In sample C (mindfulness meditators), the relationship between mindfulness-meditation experience and the DDFS total score was also negative (r = −0.358, p < 0.001) (Table 4). Participants with more meditation experience reported less mind-wandering in daily life. There was also a positive correlation between mindfulness-meditation experience and the sub-scale presence (r = 0.237, p = 0.024) of the FMI and the FMI total score (r = 0.294, p = 0.005); more mindfulness-meditation experience was associated with more presence in daily life and the general tendency to be mindful. The sub-scale acceptance was negatively related to DDFS total score (r = −0.252, p = 0.016) however, the comparison between the correlation coefficients corresponding to racceptance/DDFS and to rpresence/DDFS (r = −0.202, p = 0.055) did not differ statistically (z = −0.418, p = 0.338). The FMI total score (r = −0.270, p = 0.010) was also negatively related to the DDFS total score. Individuals reporting being more mindful in daily life showed lower levels of daydreaming. These relationships remained significant after controlling for age (see the values in brackets in Table 4). The scatterplots depicting the relationship between DDFS total score, years of meditation experience, and the FMI subscales in sample C can be found in Figures C and D in the Supplementary Materials.

6. Discussion

An initial objective of this study was to validate a German version of the DDFS [36] and to further use this inventory to investigate how the factors presence and acceptance of self-reported mindfulness and meditation experience, in general, are associated with levels of mind-wandering in daily life. To our knowledge, the present study is the first one to examine these influences in mindfulness meditators as well as meditators from different meditation traditions.
We were unable to meet all CFA criteria to validate a German version of the DDFS [36] even after model re-specifications were undertaken. These results are in contrast to earlier findings, which confirmed the single-factor structure of the DDFS in the French language [37]. Although the CFA has been considered the standard method for examining the factor structure of a test [61,62], a large amount of literature exists that questions the appropriateness of this method in psychological research [52,63] (for a critical review, see Hopwood and Donnellan, (2010) [64]). The CFA has often even led to false approvals or rejections of a model [52]. Despite failing to meet optimally the CFA criteria, the data has an excellent Cronbach’s alpha value and high retest reliability. These arguments and the clear single-factor solution found with the PA demonstrate that the DDFS is an instrument with which the relationship between mind-wandering, meditation experience in meditators and self-reported mindfulness can be better distinguished.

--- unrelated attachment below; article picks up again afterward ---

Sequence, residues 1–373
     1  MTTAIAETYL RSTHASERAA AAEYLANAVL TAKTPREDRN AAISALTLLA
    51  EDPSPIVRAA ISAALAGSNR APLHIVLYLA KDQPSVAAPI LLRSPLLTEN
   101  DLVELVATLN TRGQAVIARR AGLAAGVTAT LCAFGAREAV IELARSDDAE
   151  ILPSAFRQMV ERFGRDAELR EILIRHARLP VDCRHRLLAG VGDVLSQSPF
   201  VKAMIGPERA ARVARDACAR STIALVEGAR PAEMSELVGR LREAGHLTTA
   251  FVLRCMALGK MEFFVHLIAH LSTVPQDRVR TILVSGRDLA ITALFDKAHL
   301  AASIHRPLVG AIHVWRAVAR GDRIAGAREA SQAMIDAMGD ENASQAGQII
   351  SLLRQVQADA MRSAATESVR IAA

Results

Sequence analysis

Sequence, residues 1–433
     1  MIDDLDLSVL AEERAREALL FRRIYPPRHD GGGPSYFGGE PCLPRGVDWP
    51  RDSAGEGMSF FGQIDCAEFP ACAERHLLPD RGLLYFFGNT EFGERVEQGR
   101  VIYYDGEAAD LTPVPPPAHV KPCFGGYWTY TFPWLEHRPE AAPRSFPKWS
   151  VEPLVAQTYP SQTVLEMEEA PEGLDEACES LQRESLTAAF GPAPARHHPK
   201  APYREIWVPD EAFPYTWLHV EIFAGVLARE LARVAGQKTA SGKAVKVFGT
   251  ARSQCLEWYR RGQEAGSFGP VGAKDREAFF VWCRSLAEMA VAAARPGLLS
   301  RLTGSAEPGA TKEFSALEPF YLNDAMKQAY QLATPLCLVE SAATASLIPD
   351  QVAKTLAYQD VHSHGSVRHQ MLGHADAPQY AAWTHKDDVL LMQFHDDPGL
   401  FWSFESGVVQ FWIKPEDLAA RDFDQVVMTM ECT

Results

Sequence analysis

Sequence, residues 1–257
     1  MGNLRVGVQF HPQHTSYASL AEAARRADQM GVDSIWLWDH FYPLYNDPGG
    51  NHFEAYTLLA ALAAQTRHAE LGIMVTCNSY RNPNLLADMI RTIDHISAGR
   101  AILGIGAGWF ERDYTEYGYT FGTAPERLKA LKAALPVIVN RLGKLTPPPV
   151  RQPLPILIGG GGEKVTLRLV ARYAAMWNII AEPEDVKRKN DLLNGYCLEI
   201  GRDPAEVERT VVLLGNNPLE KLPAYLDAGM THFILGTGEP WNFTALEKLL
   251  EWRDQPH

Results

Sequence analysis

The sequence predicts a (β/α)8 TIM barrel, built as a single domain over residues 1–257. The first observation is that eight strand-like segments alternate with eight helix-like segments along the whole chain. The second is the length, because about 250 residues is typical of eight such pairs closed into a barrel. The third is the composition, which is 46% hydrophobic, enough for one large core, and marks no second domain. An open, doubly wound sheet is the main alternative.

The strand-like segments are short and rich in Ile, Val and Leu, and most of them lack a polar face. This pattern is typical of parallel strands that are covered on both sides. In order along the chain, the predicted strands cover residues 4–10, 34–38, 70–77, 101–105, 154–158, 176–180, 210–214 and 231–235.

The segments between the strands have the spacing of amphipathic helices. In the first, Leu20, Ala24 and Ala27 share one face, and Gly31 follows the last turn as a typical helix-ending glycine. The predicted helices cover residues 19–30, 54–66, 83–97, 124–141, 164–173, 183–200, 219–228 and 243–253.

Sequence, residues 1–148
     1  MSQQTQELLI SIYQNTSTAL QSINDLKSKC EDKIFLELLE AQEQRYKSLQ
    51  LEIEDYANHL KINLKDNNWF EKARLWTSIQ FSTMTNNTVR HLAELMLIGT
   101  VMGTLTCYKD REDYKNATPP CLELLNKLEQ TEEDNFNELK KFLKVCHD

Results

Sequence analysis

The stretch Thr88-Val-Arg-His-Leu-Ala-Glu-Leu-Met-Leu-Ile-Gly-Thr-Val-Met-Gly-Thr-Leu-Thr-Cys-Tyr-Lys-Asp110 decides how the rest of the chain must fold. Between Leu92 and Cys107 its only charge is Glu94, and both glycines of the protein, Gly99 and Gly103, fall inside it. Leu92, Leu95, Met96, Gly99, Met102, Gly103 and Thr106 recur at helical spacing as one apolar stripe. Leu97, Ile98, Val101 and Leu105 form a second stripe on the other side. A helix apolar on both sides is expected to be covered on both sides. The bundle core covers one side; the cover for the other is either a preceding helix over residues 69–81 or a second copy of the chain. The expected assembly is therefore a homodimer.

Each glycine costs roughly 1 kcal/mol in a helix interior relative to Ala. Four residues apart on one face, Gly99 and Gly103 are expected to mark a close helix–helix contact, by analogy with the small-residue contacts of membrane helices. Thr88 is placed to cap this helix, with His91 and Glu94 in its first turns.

Our empirical data shows that the lower mind-wandering levels reported by meditators can be explained by age. These findings support those of other studies showing that individuals are less likely to report mind-wandering episodes with increasing age [37,65]. However, among meditators, the lower levels of self-reported mind-wandering associated with more years of mindfulness-meditation practice seem to be independent of age. These results match those observed in earlier studies, showing a reduction in the occurrence of mind-wandering states associated with meditation expertise [34]. We found that the mindfulness meditation practice was positively associated with self-reported mindfulness as a composite score which, in turn, was negatively related to the frequency of mind-wandering. The effects of mindfulness meditation experience on self-reported mindfulness seem to be mainly explained by the presence factor. Meditation experience in years was only correlated with the sub-factor presence, but not with acceptance. It has been reported that formal training in mindfulness leads to both state and trait changes in mindfulness [66,67]. Different forms of attention regulation in meditation (e.g., focused attention and open monitoring) and variables in its practice (e.g., total lifetime meditation practice, frequency of practice, and minutes of practice) have been associated with specific facets of the trait-mindfulness [68]. For instance, the accumulated total lifetime of focused-attention meditation practice had a predictive effect only on the sub-component acting with awareness as measured with the Five Facet Mindfulness Questionnaire (FFMQ). Given that acting with awareness involves focusing on the current activity rather than automatically engaging in it, this sub-component seems to share similarities with the factor presence measured with the FMI; thus, our results are consistent with Cebolla’s et al. (2017) [68] findings. Although only the negative association between the sub-factor acceptance and the DDFS scores appeared to be significantly related to the observed attenuation in the frequency of mind-wandering in daily life, the comparison between the racceptance/DDFS coefficient and the rpresence/DDFS coefficient were not statistically different. It is important to bear in mind the possible bias when interpreting these results. According to a recent suggestion for presenting empirical results [69], the relationship between the sub-factors acceptance and presence and the DDFS scores could be both interpreted as being a substantial association reasonably compatible with our data.